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Posted Mon, 15 Apr 2024 22:11:39 GMT by Charles
The rules on when a bond is a deeply discounted security are set out here: So a bond issued today with a price of 98, and redeeming at 100 in one year, is considered a DDS. However, the rules in the link above mention only the price at issuance, not the price at purchase. Does this mean that, if a bond was issued at par (so was not a DDS at issuance), but is now trading at 98, and maturing at par in a year, then it is NOT a DDS? If that is correct,, and this bond is not a DDS, then this means I can have two bonds, both trading at 98 today, both redeeming at 100 in a year, of which only one is a DDS, because one was issued today at 98 while the other was issued last year at 100. If that is not correct, and both bonds in the example are DDS, then the HMRC guidance I had linked above is imprecise because it references only the price at issuance, not at purchase. Can you please clarify? Given the level of confusion on this topic, and the contradicting answers received in other sections of the forum, it would be most helpful if you could please point to a specific section of your manual or of the law on this matter. SAIM3020, linked above, does not answer the question. Thank you.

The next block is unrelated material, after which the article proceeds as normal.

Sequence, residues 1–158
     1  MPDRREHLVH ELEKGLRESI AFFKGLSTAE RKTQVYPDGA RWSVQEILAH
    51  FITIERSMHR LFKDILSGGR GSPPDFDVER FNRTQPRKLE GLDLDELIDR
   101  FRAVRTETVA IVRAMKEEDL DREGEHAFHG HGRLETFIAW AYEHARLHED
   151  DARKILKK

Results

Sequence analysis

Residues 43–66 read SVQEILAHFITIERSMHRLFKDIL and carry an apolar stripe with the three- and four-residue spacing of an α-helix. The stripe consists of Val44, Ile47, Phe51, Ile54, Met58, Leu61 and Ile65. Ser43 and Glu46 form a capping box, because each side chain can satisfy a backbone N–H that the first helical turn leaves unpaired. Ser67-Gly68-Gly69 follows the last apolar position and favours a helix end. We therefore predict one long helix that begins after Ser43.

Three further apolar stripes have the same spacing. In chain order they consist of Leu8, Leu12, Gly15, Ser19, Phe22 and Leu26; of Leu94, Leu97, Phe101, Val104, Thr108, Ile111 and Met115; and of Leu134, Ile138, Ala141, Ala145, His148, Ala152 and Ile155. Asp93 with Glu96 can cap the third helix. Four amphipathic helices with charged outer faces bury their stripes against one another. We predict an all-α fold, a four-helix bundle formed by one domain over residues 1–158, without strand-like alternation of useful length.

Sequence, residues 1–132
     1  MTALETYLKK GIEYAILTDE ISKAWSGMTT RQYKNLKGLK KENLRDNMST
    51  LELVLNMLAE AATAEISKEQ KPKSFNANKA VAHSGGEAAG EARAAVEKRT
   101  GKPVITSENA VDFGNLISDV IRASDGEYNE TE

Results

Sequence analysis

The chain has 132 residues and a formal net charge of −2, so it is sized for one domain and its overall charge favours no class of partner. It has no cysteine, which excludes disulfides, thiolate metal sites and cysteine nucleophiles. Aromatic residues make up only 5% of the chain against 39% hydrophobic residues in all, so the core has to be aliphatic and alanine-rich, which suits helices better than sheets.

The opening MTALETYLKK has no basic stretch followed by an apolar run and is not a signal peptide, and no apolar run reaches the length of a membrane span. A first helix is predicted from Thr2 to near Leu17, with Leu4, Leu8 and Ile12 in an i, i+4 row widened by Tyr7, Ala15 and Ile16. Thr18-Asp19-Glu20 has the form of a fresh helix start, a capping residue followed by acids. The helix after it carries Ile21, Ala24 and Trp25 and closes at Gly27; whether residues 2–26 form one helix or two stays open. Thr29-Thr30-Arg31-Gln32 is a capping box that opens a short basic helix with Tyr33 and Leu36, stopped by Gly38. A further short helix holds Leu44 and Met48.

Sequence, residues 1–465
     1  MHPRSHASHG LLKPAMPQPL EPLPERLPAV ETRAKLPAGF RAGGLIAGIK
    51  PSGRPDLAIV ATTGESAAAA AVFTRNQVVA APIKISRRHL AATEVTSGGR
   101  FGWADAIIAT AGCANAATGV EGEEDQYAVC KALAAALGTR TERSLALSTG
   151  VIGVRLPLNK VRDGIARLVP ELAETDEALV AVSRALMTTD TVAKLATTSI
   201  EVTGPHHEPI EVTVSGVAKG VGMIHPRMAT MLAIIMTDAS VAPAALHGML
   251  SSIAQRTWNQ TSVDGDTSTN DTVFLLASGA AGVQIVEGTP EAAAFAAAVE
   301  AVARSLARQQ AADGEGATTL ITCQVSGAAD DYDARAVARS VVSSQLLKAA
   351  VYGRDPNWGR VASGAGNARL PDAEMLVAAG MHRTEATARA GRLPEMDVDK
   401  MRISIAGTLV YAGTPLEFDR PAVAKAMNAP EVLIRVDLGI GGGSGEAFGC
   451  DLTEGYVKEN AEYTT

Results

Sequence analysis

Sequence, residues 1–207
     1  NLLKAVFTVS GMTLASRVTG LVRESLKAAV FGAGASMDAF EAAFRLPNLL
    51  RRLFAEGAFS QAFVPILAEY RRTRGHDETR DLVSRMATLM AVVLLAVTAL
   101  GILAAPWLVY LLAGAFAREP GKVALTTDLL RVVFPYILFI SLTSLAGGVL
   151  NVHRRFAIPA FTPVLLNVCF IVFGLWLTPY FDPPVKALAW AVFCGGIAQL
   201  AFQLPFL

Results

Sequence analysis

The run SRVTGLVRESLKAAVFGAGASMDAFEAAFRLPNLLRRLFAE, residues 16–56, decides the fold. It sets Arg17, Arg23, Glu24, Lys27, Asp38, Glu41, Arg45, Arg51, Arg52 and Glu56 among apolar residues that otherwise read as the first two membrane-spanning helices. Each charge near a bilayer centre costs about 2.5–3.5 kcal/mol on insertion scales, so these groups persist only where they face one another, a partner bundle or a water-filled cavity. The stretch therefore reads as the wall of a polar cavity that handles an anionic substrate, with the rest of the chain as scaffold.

Posted Tue, 23 Apr 2024 10:33:59 GMT by HMRC Admin 25
Hi Charles,
We cannot comment on scenarios, only provide general information / guidance in this forum.
For an answer to a detailed question of this nature, you would need to contact our Self Assesment helpline on 0300 200 3310 or seek professional advice.
Thank you. 

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